Cover

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Title Page, Copyright, Dedication

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Contents

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Preface

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pp. ix-xix

The destructive forces of the Civil War were nowhere more so than in the border communities. Divisions over secession rent their social fabric. Worse, towns strategically positioned suffered the wrath of competing armies in fluctuating occupations, and the resulting destruction. Few...

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1. The Brewing Storm

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pp. 1-42

Life in Winchester on the morning of October 16, 1859, was like any other day. Citizens, merchants, and farmers went about their business as usual. Yet events some thirty miles to the northeast later that day would radically change their lives. John Brown’s raid on the armory at Harper’s Ferry...

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2. The Taste of Humiliation

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pp. 43-90

The cold winds of March 1862 were nothing in Winchester compared to the chill of a prospective evacuation by Jackson. News on February 27 that Union troops occupied Charles Town, some twenty-four miles to the northeast, struck fear. Rumors of a pending threat had circulated for several...

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3. Redemption, Destruction, and Occupation

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pp. 91-134

On Saturday, May 24, 1862, fleeing Union soldiers shattered Winchester’s morning calm. The turmoil sent Unionist hopes plummeting into despair. A despondent Julia Chase observed that “the Secessionists are in their glory that Jackson’s Army is coming back.” Sensing the hopeless...

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4. The Brute: General Robert Milroy

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pp. 135-168

Once again the residents of Winchester watched as Federal troops marched down their streets. Anxious Southerners waited for the new commander, Gen. Robert Milroy. His reputation for harshness preceded him. As it had been for previous Union commanders in Winchester, one of...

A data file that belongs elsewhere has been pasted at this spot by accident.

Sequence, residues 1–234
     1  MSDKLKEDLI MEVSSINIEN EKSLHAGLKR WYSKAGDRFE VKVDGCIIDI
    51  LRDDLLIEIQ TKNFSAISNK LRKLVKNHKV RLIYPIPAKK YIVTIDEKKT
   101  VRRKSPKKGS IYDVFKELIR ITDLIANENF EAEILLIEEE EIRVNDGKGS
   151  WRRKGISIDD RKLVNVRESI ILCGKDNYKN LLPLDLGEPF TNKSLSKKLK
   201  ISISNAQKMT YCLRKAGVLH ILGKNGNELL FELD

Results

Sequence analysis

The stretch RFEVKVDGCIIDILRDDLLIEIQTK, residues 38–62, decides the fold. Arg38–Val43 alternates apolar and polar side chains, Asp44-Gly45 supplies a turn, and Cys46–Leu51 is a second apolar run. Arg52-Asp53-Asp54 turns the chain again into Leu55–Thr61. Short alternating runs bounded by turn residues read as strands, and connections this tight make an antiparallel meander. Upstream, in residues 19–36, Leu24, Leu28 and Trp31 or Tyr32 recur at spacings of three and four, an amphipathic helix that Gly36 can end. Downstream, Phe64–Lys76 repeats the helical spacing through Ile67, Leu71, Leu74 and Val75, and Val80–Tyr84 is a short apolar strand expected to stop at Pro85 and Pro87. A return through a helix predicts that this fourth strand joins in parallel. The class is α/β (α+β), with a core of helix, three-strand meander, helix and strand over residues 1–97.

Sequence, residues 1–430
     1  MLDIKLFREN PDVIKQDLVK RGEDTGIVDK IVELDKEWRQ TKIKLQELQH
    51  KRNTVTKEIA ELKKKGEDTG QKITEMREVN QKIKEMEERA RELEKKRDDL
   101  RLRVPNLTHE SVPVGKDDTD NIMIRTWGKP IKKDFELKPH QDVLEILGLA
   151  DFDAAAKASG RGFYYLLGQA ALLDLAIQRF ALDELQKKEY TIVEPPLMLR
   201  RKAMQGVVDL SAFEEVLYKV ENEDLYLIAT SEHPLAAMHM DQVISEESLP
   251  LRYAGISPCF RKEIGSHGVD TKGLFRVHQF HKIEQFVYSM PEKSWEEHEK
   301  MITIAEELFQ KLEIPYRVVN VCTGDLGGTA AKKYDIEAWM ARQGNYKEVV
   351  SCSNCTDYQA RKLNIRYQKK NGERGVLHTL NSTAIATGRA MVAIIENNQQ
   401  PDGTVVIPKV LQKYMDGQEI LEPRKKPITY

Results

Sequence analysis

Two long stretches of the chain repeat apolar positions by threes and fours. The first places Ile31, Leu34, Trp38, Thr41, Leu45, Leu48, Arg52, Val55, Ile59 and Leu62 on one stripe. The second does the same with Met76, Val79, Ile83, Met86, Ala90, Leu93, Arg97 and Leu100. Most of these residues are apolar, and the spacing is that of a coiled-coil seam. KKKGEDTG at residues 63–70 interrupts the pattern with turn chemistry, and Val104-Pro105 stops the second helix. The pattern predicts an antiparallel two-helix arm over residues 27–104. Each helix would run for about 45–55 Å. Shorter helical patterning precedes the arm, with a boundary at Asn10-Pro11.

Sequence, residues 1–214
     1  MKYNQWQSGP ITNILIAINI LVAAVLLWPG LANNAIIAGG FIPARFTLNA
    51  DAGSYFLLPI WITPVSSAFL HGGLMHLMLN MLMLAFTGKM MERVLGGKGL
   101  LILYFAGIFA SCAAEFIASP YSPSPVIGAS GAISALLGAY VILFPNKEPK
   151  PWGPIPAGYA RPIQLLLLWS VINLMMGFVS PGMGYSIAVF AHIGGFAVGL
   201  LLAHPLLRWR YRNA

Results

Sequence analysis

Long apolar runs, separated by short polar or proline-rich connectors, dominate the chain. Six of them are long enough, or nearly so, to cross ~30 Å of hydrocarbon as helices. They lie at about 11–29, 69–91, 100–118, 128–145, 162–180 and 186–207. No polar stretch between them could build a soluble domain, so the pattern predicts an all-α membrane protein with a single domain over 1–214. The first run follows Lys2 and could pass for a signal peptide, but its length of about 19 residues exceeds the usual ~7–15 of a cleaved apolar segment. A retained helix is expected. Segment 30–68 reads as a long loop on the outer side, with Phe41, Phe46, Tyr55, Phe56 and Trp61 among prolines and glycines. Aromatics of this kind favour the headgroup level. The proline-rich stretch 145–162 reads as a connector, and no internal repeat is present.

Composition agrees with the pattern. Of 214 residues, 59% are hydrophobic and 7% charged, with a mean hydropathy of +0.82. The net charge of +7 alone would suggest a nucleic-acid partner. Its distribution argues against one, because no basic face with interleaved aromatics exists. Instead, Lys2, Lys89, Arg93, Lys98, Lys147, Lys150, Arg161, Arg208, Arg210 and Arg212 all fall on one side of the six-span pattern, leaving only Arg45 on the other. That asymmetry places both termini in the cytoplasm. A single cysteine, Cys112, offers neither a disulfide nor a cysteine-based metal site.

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5. The Chess Game

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pp. 169-205

The withdrawal of Lee’s army ushered in another period of instability for Winchester. Military operations shifted to the east along the Rapidan- Rappahannock line. No major operations were undertaken in the Shenandoah until the onset of the 1864 campaign season. Instead, frequent cavalry...

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6. "Whirling through Winchester"

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pp. 207-249

In Sheridan “Old Jube” would face a worthy opponent. Hunter’s return to Maryland offered little effective counterweight to Southern incursions, much less the possibility of a Federal push up the Shenandoah Valley. Early’s presence threatened western Maryland and southern Pennsylvania...

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Epilogue

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pp. 251-266

Lee’s surrender at Appomattox, followed by Johnston’s in North Carolina, effectively ended the Civil War. Parades joyously celebrated the victory. Even many Southerners welcomed the restoration of peace, although they resented Unionist jubilation. Yet perplexing problems remained. The...

Image Plates

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Selected Biographical Sketches

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pp. 267-269

Notes

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pp. 271-332

Bibliography

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pp. 333-361

Index

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pp. 363-380